So did I win the bet? Below is an example of how the math works out for a 9 out flush draw.

((9/47)+(9/46))-((9/47)* (9/46))=35%

100-35= 65
65/35= 1.857
The odds of making a flush are 1.857:1 when you have 4 of the suit on the flop.

[/ QUOTE ]

Your expression gives the right anwer (1.860-to-1) because of 2 errors which cancel. It should be

9/47 + 9/47 - (9/47 * 8/46) = 1.860:1.

The probability of the turn card being a flush card and the probability of the river card being a flush card are each 9/47 before either of these cards are dealt. If the flop card is a flush card, the probabilty is 8/46 that the turn card is also a flush card, so the probabilty of getting a flush card on both is (9/47)*(8/46). This happens to give the same answer as yours. Note these two other equivalent forms:

9/47 + (38/47)*(9/46) = 1.860:1

That is, 9/47 on the turn plus 9/46 on the river of the 38/47 of the time you miss on the turn.

1 - (38/47)*(37/46) = 1.860:1

That is, 1 minus the probabilty of missing on both the flop and the turn.
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  #6  
Old 01-07-2005, 03:06 PM
MortalWombatDotCom MortalWombatDotCom is offline
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Join Date: Dec 2004
Posts: 64
Default Re: Did I win this bet?

[ QUOTE ]
Your expression gives the right anwer (1.860-to-1) by a self-cancelling error.

[/ QUOTE ]

that's classic. also, the Odyssey was not written by Homer, but by another author of the same name.

hey! you editted your post after i quoted it. equally silly, but less quotable.
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  #7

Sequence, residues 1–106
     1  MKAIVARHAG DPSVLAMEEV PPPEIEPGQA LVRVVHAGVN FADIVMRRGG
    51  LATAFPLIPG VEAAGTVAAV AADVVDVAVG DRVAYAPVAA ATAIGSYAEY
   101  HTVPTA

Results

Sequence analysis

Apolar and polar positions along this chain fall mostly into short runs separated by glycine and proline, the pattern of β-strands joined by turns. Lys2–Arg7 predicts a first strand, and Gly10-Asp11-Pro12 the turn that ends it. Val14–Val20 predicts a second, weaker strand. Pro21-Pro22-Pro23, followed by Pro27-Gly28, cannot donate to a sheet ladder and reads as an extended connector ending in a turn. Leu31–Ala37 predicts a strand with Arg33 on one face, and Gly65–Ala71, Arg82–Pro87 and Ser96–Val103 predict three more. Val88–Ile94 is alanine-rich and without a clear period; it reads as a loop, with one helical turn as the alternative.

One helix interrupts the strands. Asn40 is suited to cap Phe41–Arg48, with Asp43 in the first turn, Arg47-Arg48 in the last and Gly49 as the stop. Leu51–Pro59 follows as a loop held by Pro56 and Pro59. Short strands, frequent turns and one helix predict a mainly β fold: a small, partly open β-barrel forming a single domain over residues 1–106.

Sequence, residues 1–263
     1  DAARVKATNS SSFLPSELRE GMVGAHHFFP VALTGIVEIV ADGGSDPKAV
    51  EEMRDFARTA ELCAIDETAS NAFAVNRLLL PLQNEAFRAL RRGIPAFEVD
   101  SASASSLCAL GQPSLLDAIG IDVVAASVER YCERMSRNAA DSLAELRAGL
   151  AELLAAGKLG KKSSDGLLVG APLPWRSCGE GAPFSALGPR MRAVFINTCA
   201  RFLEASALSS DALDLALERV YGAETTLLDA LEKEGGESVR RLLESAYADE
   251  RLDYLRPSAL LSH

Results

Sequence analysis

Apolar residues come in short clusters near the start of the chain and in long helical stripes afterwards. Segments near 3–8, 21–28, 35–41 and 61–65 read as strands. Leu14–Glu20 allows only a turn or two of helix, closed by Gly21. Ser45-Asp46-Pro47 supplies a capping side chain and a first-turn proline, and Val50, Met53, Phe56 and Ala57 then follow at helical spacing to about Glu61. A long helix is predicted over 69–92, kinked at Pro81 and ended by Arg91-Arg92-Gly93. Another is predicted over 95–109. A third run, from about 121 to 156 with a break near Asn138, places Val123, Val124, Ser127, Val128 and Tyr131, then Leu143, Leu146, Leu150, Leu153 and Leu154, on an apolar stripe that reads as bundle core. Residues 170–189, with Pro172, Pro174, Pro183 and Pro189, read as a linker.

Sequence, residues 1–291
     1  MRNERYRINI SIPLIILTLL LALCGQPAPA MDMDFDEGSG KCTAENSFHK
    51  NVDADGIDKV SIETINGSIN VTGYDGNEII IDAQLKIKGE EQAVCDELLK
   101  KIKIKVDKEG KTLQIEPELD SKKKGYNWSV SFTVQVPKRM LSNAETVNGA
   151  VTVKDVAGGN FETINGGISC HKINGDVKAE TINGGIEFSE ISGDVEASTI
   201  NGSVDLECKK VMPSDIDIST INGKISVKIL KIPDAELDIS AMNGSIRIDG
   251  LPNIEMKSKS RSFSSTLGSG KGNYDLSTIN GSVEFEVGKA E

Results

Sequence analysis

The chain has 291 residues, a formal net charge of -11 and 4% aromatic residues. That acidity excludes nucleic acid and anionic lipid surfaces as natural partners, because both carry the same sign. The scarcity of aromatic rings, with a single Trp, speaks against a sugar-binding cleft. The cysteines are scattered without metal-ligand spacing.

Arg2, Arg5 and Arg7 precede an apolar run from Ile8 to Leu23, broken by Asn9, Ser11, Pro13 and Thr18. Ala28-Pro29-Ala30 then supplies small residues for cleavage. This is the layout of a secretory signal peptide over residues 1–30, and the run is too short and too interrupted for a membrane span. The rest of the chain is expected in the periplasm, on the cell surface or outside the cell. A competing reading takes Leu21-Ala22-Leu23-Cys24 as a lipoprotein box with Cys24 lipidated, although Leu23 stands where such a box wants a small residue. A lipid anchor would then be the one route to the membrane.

Old 01-07-2005, 03:13 PM
MortalWombatDotCom MortalWombatDotCom is offline
Member
 
Join Date: Dec 2004
Posts: 64
Default Re: Did I win this bet?

this thread is so much fun! [img]/images/graemlins/laugh.gif[/img]

sorry to hijack, but i've got this great way to figure out what 2*2 is. you multiply 2 by 3, substract 2, and you get 4!
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  #8  
Old 01-07-2005, 03:15 PM
MortalWombatDotCom MortalWombatDotCom is offline
Member
 
Join Date: Dec 2004
Posts: 64
Default Re: Did I win this bet?

[ QUOTE ]
this thread is so much fun! [img]/images/graemlins/laugh.gif[/img]

sorry to hijack, but i've got this great way to figure out what 2*2 is. you multiply 2 by 3, substract 2, and you get 4!

[/ QUOTE ]

sorry Mortal, you got the right answer, but you made 11 errors that cancelled themselves out.

the correct way to do it is 2*2 = (3 - 1)(3 - 1) = 9 - 3 - 3 + 1 = 4.
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  #9  
Old 01-07-2005, 03:30 PM
BruceZ BruceZ is offline
Senior Member
 
Join Date: Sep 2002
Posts: 1,636
Default Re: Did I win this bet?

[ QUOTE ]
[ QUOTE ]
Your expression gives the right anwer (1.860-to-1) by a self-cancelling error.

[/ QUOTE ]

that's classic. also, the Odyssey was not written by Homer, but by another author of the same name.

hey! you editted your post after i quoted it. equally silly, but less quotable.

[/ QUOTE ]

You're wrong and need to think about this a lot more. You in no way can justify the factor of (9/47)*(9/46) which appears in the poster's derivation. This is supposed to be the proability of getting a flush card on both the turn and the river which is (9/47)*(8/46). You also cannot justify the 9/47 + 8/46. This corresponds to nothing. You cannot add these probabilities because the 8/46 is on a different sample space than the 9/47, namely, it applies only after the flush card is dealt. You must add both probabilities before either card is dealt, which is 9/47 + 9/47, or else add 9/47 + (38/47)*(9/46) as I have shown above. Both of these are very common errors, BTW.